Anglo American seen likely to cut dividend as metal prices fall

The rout in commodity prices is putting pressure on credit ratings and dividends across the mining sector.

Anglo spokesman James Wyatt-Tilby said the company board made dividend decisions every six months, with the next review set for February. Picture: Facebook.

JOHANNESBURG - Anglo American is likely to be the next mining firm to follow Glencore's example in cutting its dividend to help contain debt levels and preserve cash amid a global commodity market slump, analysts and bankers said.

Glencore, weighed down by net debt of $30 billion and hurt by declines in its key products of copper and coal to six-year lows, this week suspended dividends and said it would sell assets and raise $2,5 billion in a share sale.

The rout in commodity prices is putting pressure on credit ratings and dividends across the mining sector, prompting reductions in capital expenditure, operational costs and jobs.

Among Glencore's big mining rivals, Rio Tinto and BHP Billiton have both reaffirmed their commitment to paying a dividend, but Anglo is seen as more vulnerable due to its higher-cost iron ore assets, loss-making platinum assets and slower than expected progress with its restructuring plans.

"We have seen Teck cut their dividend, we have seen Glencore cut their dividend and I think we will see Anglo American cut their dividend," Bernstein Research analyst Paul Gait said.

Canadian miner Teck Resources announced a 67 percent cut in its dividend in April, citing weakening Chinese demand for steel-making coal.

"Given the set of commodities that they (Anglo) have got, their ability to pay a dividend without raising their debt is harder than for any other mining company," said Gait, a view echoed by two sector bankers.

Anglo spokesman James Wyatt-Tilby said the company board made dividend decisions every six months, with the next review set for February. He gave no further details.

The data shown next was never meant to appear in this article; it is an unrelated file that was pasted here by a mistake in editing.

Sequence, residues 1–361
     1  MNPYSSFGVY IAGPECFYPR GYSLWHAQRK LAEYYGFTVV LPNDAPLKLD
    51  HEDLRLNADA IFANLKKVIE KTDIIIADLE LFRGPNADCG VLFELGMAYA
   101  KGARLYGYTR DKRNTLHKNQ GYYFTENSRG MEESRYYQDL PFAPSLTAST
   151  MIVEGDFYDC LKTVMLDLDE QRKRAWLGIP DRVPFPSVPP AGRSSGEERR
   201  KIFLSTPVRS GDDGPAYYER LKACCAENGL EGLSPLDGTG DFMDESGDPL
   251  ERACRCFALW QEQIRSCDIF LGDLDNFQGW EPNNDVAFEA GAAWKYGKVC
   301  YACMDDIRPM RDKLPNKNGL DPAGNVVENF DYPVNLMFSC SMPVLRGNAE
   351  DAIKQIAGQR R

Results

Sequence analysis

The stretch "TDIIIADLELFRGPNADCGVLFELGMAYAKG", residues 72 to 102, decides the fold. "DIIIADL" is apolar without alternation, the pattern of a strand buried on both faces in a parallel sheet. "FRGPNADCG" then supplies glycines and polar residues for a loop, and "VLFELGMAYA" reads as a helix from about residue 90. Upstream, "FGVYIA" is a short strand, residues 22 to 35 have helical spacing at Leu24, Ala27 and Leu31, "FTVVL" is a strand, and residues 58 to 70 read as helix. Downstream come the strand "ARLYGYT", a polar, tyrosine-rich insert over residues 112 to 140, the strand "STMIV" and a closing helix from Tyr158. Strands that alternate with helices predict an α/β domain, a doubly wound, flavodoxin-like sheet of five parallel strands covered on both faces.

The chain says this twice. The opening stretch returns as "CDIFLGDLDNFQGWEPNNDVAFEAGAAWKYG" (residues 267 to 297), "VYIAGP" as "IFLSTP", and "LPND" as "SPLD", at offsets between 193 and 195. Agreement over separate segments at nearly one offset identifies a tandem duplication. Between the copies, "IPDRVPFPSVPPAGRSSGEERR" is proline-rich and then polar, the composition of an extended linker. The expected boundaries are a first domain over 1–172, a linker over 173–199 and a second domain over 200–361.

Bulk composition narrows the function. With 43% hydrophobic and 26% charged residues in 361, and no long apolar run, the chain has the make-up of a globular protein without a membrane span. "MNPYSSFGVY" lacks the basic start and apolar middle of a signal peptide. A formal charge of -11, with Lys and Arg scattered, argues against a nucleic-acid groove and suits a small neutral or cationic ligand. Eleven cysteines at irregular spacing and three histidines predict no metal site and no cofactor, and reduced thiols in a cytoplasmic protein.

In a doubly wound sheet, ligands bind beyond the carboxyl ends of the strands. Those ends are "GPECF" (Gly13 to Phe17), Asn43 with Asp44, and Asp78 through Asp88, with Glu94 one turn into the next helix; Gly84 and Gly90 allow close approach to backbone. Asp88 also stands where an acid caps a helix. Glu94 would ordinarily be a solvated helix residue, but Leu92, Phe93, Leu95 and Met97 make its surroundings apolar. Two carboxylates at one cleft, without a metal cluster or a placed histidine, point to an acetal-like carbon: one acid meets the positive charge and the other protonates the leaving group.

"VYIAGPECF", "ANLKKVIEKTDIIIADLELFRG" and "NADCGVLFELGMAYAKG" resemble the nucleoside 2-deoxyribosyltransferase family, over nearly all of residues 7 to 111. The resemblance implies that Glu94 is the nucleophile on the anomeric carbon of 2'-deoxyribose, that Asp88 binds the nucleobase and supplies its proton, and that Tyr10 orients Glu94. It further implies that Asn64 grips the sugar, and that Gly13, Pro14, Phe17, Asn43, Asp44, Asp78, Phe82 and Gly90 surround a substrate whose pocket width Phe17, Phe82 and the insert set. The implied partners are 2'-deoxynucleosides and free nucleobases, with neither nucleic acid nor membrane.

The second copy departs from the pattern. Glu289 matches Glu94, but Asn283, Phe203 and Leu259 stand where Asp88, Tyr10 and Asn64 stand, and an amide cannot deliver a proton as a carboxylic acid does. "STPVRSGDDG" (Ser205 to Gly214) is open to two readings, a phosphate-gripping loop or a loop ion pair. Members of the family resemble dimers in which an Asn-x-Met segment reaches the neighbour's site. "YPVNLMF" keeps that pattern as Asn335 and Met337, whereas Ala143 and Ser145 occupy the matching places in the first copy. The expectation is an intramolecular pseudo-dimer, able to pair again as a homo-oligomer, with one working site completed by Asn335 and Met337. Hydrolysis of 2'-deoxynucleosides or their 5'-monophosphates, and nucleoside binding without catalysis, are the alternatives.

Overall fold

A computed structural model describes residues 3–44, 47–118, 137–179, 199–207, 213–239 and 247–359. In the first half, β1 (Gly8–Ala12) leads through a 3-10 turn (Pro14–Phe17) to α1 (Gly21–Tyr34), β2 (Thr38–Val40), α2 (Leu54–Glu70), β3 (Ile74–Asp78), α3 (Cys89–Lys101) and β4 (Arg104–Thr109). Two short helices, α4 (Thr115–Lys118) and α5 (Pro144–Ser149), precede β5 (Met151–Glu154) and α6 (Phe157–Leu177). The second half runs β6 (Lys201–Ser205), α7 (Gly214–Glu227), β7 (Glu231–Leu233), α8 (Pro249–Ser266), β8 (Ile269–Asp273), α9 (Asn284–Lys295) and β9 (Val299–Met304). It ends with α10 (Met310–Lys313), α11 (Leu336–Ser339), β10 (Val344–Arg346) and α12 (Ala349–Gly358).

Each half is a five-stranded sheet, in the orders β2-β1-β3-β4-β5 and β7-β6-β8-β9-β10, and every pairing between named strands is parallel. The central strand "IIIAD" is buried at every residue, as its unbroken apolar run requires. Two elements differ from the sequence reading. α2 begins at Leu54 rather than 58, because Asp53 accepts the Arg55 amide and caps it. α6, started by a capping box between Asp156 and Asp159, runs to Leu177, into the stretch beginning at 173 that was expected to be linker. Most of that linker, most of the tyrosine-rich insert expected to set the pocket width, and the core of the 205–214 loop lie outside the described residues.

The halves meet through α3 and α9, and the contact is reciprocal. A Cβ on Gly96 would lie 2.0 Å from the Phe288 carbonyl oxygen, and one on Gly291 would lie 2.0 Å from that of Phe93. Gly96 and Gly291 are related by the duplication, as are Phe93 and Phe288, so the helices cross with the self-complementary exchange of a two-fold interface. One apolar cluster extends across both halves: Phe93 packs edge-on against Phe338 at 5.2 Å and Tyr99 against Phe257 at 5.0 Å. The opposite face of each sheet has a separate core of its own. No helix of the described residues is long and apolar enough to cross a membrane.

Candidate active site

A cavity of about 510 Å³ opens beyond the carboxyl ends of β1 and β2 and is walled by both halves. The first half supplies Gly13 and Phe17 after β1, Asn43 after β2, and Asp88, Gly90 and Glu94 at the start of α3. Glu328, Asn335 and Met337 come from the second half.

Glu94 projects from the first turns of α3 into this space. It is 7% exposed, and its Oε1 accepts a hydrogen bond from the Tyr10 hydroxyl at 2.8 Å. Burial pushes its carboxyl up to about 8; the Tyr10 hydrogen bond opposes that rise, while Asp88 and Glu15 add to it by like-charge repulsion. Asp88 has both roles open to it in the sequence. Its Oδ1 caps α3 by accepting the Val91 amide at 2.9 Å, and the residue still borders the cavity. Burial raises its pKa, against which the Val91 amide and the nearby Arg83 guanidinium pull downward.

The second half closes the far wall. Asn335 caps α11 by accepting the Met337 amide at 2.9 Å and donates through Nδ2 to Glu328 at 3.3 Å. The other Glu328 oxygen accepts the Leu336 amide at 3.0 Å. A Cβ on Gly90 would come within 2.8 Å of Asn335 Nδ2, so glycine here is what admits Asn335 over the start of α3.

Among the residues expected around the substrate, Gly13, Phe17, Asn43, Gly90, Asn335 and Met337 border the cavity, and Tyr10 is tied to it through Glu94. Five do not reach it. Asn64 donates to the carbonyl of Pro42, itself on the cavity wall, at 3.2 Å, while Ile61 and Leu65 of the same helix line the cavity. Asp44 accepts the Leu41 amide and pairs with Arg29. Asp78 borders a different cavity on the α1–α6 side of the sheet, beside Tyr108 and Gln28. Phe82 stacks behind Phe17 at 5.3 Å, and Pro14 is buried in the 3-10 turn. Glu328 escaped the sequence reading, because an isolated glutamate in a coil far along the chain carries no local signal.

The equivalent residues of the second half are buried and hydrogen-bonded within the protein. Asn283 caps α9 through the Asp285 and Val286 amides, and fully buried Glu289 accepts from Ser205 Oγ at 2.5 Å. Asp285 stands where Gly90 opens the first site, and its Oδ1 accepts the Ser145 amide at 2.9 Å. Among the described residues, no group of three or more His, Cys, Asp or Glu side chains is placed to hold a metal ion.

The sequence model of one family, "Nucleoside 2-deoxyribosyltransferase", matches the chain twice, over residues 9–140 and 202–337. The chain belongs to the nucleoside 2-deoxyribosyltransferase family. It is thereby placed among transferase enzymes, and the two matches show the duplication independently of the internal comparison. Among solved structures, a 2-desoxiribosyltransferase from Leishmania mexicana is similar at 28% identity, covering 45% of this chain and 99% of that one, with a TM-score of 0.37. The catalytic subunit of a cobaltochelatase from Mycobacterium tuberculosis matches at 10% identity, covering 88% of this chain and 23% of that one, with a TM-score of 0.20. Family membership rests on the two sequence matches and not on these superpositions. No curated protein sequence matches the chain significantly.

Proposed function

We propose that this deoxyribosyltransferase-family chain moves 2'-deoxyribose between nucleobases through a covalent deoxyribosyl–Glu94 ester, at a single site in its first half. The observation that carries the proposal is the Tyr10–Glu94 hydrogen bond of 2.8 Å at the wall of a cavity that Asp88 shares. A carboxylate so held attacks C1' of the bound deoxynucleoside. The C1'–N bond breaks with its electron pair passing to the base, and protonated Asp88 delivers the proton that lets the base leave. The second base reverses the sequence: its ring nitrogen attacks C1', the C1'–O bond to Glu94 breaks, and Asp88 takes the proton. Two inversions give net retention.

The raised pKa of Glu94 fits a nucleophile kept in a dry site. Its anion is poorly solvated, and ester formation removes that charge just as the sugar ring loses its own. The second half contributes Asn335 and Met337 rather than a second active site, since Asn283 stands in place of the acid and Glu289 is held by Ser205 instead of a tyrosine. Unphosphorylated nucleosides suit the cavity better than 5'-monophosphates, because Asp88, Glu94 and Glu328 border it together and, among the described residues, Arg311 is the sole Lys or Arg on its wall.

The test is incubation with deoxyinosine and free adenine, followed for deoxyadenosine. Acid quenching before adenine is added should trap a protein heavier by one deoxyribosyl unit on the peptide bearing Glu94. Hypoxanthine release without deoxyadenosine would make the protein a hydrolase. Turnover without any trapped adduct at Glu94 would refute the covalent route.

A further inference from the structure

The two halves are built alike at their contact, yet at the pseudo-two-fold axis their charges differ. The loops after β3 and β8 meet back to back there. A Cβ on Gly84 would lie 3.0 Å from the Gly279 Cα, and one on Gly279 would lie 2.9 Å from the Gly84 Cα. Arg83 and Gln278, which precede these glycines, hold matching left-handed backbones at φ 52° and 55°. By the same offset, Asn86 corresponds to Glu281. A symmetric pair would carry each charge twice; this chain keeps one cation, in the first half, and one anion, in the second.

Anglo, the fifth-biggest diversified global mining group by stock market capitalisation, said in July it would cut about 6,000 jobs and might put up more assets for sale as the slump in metals prices dragged its share price to 13-year lows.

Anglo's total borrowings were at nearly $19 billion at the end of June, putting its debt to equity at 0,86

times, according to Thomson Reuters data. This compares to a debt to equity ratio of 0,59 times for Rio Tinto and 0,48 times for BHP Billiton.


Anglo's big exposure to labour-intensive and loss-making platinum assets has been of particular concern to investors.

The company's platinum subsidiary Amplats said on Wednesday it had sold its labour-intensive South African Rustenburg mine, which produces about a third of its annual output, to bullion producer Sibanye Gold for R4,5 billion ($326 million).

Sector bankers said Anglo needed to show it was sticking to its plan to trim its debt and the deal with Sibanye showed the company was committed.

Anglo posted a steep fall in first-half profit and said the next six months could be even worse, but it still declared an interim dividend.

"They're reviewing what to do on their final one. They may decide against paying one," a London-based sector banker on the advisory side said.

Anglo shares plunged last month to 649 pence, their lowest in 15 years, but have since staged a slight recovery. They were trading down 2 percent at 727 pence as of 11h00 GMT.

But the shares, trading at 11,5 times forward price-to-earnings ratio, are at a 16 percent discount to its mining peers.

Glencore's decision to suspend its dividend was well received, with its shares also recovering from record lows.

"Clearly Glencore has set a precedent. The reality is that you've got to have strong confidence in commodity prices to be able to have a progressive dividend," another banker said.

"Just paying dividends for the sake of it, increasing net debt to pay a dividend, is just stupid."

Ratings agency Fitch said Glencore's decision highlighted the benefits of a flexible dividend policy.

"This option would not be open to Rio or BHP unless they dropped their progressive dividend policy, which would be difficult because of its popularity with shareholders and because of the emphasis that both companies have put on the policy," Fitch said.

Under a progressive dividend policy, dividends gradually increase as a percentage of profit.

Fitch said Rio and BHP have been able to stick to their dividend policies, despite the fall in iron ore prices, because they cut costs often more than their own targets, but it warned that further cost reductions would be much harder to achieve.

BHP last month reaffirmed its pledge never to cut its dividend and lowered its target for capital spending for the year to June 2016 to help meet the promise.

"Our commitment to our progressive dividend is resolute," Chief Executive Andrew Mackenzie said last month. "It has withstood many previous cycles and is a key differentiator relative to our peers."

Keeping to board policy, Rio lifted its interim dividend by 12 percent to $1,075 per share, despite a dismal outlook for commodities. It pledged $1 billion in cost cuts this year.

Both BHP and Rio said their positions on progressive dividend policies had not changed.